The final detail that can’t be ignored are the MOLLE straps. The Axis comes equipped with straps for carrying a tripod, and hidden zipper pocket at the bottom for the tripod feet, but you can use those MOLLE straps for anything that can be attached to the webbing. While Tenba has a set of accessories to fit the bill, carabiners, clips, or other adjustable straps means you can decorate yourself with an adjustable array of photographic goodies and carry your studio around on your back like a photographic hermit crab.
It’s not all tacos and puppies, though. Despite how much I love this backpack, it does have a few drawbacks. The bag is black, which means that you do see the dirt and grime a bit more easily than you might with an earth colored bag, but this is only a con for hard outdoor users. For city treks or traveling, you're likely to see less dirt. The material is also very easy to clean with a washcloth.
While the chest strap is adjustable, the adjustment bar doesn’t go quite high enough to give full comfort for people with boobs. Another inch upward, and there would be much less squishage and more chest comfort. The straps are also rather wide, which is great for weight bearing but not ideal for people with a narrower chest, because the straps end up rubbing the inside of the shoulders when you swing your arms. If you tighten the chest strap to bring the straps in a bit tighter, they rub on your neck, instead. A bit more curve to the inside of the strap, like you find on many hiking daypacks, could alleviate the issue. And while it sounds like a small complaint, it’s one that has the potential to leave your skin raw after a long trek. It would be fair to say that my husband, with a wider chest and broader shoulders, didn’t have the same problem.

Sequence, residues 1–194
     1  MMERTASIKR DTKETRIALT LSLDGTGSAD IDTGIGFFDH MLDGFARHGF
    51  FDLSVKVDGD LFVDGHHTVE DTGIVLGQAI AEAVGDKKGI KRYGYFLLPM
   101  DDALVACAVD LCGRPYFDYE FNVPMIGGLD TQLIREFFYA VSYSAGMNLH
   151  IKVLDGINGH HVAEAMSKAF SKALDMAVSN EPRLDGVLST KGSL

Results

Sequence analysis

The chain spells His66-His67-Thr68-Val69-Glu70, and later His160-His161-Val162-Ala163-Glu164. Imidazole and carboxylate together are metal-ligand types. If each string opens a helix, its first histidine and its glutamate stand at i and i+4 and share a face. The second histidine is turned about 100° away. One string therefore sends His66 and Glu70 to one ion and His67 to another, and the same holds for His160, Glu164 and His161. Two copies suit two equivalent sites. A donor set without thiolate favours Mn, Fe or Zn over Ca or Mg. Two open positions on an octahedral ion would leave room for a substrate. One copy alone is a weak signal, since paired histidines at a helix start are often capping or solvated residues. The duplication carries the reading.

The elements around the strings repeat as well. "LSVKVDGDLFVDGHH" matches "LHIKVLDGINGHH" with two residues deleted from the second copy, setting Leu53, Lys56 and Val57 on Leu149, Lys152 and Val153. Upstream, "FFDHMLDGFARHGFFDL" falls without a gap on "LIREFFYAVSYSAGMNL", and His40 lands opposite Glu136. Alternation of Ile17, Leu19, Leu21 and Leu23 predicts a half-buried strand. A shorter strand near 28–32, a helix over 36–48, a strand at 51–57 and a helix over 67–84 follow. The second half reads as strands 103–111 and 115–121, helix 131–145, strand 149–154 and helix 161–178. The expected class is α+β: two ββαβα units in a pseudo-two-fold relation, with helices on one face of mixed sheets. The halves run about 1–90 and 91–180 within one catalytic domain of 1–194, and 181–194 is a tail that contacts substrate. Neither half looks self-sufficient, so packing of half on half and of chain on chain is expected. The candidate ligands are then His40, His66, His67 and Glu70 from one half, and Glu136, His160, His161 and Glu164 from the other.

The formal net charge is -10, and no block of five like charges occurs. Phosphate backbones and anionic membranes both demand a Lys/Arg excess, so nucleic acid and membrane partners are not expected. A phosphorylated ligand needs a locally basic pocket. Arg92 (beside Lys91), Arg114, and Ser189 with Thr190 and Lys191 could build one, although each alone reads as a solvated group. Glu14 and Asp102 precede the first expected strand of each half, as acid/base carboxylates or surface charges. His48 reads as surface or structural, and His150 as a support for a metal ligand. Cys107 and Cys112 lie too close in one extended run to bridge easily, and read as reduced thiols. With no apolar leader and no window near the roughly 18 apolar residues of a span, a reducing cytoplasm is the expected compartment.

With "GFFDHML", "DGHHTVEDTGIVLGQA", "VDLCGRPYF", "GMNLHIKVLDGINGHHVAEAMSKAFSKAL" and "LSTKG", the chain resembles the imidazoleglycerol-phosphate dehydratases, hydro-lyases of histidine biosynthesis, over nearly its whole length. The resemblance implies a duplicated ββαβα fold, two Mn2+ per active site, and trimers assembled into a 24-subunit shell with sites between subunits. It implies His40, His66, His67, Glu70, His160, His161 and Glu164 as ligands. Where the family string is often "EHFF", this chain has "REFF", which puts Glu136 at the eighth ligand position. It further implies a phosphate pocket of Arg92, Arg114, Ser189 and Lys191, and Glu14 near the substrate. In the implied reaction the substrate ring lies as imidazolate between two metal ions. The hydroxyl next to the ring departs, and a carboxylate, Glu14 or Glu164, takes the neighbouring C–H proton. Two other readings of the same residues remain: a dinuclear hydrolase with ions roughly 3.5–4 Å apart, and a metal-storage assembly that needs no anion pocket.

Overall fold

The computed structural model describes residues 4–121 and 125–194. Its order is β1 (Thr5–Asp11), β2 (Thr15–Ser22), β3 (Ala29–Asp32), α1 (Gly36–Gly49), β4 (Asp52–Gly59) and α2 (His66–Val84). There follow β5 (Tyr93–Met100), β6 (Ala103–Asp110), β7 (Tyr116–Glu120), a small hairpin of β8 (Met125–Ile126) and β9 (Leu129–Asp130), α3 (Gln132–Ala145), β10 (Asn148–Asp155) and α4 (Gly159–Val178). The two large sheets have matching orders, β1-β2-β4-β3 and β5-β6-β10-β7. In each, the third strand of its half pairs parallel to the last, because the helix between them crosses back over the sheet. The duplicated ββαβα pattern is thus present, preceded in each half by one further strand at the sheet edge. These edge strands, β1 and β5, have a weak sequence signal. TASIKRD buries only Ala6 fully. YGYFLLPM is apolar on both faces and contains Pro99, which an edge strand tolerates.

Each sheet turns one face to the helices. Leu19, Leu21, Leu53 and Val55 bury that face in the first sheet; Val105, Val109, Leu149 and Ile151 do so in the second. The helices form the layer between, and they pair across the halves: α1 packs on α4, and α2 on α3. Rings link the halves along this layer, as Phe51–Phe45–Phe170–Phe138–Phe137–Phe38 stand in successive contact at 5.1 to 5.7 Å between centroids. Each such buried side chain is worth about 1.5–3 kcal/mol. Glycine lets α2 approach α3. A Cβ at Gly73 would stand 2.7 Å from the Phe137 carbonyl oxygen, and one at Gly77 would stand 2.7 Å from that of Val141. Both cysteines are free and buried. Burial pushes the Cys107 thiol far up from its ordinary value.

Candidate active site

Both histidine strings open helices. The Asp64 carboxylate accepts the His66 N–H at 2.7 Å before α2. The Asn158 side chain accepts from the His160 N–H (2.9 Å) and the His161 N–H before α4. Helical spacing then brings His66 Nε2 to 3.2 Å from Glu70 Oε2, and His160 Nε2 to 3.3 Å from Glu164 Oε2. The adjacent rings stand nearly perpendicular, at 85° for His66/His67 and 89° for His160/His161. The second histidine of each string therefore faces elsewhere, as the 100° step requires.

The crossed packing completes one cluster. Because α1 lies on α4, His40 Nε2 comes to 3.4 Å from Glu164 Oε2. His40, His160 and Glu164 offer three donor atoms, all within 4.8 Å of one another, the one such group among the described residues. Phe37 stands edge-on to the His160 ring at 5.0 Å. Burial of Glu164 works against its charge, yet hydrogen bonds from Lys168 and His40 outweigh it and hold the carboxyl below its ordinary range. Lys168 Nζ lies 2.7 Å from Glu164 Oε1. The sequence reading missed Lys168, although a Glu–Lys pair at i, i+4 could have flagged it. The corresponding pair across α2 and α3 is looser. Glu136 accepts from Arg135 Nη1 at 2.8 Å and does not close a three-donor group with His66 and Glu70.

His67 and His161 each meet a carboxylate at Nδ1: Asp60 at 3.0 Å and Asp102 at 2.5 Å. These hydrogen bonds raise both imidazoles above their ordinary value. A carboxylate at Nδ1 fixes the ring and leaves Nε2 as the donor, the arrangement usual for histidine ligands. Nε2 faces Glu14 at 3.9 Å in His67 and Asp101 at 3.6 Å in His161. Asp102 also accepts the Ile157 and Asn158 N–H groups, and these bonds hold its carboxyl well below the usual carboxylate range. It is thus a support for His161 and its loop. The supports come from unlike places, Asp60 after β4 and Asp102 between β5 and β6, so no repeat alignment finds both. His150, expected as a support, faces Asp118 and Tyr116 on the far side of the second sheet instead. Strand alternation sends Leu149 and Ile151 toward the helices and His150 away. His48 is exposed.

Since the bag was designed for serious outdoor use, the small side-pouch does bear mentioning. As someone who hikes at almost 6,000 feet of elevation, having a backpack with a large enough pouch to carry a full-sized water bottle is a big deal. While it’s certainly not a deal breaker, having to carry enough water for a full-day shoot separately from the weight I would already be carrying in the backpack is an inconvenience worth addressing, especially if it can be done without compromising the bag itself.
I do miss the protected memory card slots in my other backpack, but that problem can be solved with a separate memory card case.
The straps are adjustable for most heights, which is awesome, but they’re secured by hook and loop closures that require muscling an included plastic card down the strap hole to break. You do need a bit of elbow grease to get this done. It’s a very minor issue, but it’s worth mentioning.
Here are the specs for the backpack, plus my personal pros and cons.
- Outside measurements: 12in x 19in x 8.75in
- Internal measurements: 11in x 18in x 5.75in
- Weight: 4.4lbs
What It Can Fit
- 1-2 DSLR or mirrorless bodies
- 5-7 lenses
- Up to 300mm lens length
- Up to 15" laptop
- Solid build
- 3 points of camera/gear access
- MOLLE loops for additional gear
- Adjustable height shoulder straps
- Removable hip strap
- Laptop sleeve
- Weather resistant
- Sturdy, adjustable dividers
- Light reflective stitching on MOLLE loops for night safety
- Tripod straps
- Easy to clean material
- Damn good looking
- Chest strap height may not be adjustable enough for all body types
- Wide shoulder straps that may rub
- Side pouch restricts water bottle size
- Black material does show dirt and grime
All in all, this backpack is pretty damn awesome. The team at Tenba has clearly put a lot of thought into making this bag great looking, easy to use, sturdy, weather resistant and, for the most part, comfortable for long-term use by serious photographers. And while the shoulder straps and chest strap aren’t all I could dream of, my body-type doesn’t necessarily represent all photographers who like to work on location, so these are issues that may or may not apply to the individual user. So far, it’s been a fantastic backpack that I’m looking forward to lugging into the New Mexico wilderness this summer.